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Construction workers and brain injuries

Most people would probably agree that West Virginia construction workers are engaged in a high-risk occupation. This was confirmed by a study of the risk of traumatic brain injury to which workers in various industries are exposed. According to a report based on the results of the study, more than 2,200 construction workers around the country died between 2003 and 2010 from brain trauma. The deaths represented 25 percent of total fatalities from all causes during that period in the construction industry.

Falls at construction sites accounted for more than 50 percent of all fatal injuries suffered by construction workers. Older workers appeared to be particularly susceptible to suffering a fatal head injury. Those 65 or older were, according to the results of the study, approximately four times more prone to having an accident causing brain trauma than were workers who were between 25 and 34 years old. Workers at smaller companies tended to be more likely to suffer a fatal head injury than individuals at larger companies.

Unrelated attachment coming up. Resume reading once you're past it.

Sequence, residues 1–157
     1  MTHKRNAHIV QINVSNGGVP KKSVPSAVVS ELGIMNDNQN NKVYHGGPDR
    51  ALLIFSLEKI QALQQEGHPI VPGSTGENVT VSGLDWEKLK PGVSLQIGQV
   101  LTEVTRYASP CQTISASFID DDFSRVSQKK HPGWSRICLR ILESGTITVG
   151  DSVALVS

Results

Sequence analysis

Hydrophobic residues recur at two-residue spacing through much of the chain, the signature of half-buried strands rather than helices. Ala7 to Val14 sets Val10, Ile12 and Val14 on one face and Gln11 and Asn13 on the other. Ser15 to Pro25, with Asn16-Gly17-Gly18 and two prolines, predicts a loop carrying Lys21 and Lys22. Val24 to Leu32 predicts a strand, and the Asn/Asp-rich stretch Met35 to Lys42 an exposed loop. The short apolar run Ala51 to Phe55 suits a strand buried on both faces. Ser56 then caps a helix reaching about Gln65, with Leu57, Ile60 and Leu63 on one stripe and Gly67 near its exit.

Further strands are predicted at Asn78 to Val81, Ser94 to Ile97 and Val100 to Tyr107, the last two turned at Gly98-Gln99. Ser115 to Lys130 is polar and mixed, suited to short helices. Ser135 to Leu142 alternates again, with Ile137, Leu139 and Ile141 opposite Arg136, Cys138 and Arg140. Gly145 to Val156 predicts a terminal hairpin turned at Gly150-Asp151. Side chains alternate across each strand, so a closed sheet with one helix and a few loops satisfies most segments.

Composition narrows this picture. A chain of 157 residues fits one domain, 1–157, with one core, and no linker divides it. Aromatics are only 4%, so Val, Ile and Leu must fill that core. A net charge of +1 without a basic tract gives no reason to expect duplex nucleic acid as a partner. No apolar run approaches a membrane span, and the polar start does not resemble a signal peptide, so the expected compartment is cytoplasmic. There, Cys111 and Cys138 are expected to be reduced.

Researchers concluded that a continuation of an industry-wide focus on improved safety and other measures at construction sites might reduce the risk of traumatic brain injury faced by workers. This could go a long way toward reducing the number of individuals suffering from amnesia and permanent disability requiring long-term care.

Unlike a broken bone that will usually heal over time, brain damage may require an accident victim to undergo long-term care and rehabilitation. While workers' compensation may cover some of these expenses, an attorney representing an injured victim might determine that it is advisable to bring a personal injury action if the injury was caused by the manufacturer of a defective piece of equipment or other non-employer third party.

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